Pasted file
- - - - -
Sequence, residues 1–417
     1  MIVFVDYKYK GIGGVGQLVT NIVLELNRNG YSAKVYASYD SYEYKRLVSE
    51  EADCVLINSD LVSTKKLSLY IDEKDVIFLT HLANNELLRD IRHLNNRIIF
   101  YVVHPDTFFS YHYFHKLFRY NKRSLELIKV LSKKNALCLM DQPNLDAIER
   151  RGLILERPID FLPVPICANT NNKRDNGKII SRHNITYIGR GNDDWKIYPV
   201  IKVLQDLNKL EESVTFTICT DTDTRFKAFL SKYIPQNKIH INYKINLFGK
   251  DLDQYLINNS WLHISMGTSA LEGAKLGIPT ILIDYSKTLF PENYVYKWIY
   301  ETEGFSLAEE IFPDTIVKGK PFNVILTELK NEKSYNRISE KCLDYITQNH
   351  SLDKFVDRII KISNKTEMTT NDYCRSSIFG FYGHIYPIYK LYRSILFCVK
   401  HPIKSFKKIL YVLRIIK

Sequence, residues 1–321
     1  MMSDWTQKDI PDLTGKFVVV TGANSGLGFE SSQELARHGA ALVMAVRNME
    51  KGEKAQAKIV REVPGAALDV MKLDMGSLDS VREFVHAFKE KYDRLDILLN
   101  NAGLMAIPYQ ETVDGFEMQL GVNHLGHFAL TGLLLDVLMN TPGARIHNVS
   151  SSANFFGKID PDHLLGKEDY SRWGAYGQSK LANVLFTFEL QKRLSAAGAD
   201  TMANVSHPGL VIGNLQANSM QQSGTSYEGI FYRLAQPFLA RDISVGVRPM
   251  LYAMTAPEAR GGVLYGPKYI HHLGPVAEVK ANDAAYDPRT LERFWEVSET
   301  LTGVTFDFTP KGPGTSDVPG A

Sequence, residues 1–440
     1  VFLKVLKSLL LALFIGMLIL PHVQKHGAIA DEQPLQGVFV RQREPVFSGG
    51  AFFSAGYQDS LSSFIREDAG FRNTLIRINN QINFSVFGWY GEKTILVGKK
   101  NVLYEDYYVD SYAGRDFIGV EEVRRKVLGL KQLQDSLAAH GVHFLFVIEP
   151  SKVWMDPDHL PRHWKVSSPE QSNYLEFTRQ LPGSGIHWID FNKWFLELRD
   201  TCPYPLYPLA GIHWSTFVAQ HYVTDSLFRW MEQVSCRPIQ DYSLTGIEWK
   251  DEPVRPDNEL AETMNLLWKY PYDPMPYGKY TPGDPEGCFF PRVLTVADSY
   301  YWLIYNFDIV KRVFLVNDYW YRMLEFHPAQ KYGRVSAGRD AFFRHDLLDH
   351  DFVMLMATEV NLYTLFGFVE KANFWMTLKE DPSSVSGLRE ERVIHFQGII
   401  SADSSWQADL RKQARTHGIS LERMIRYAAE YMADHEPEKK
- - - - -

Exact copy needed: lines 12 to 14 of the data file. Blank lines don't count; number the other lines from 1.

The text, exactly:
     1  MMSDWTQKDI PDLTGKFVVV TGANSGLGFE SSQELARHGA ALVMAVRNME
    51  KGEKAQAKIV REVPGAALDV MKLDMGSLDS VREFVHAFKE KYDRLDILLN
   101  NAGLMAIPYQ ETVDGFEMQL GVNHLGHFAL TGLLLDVLMN TPGARIHNVS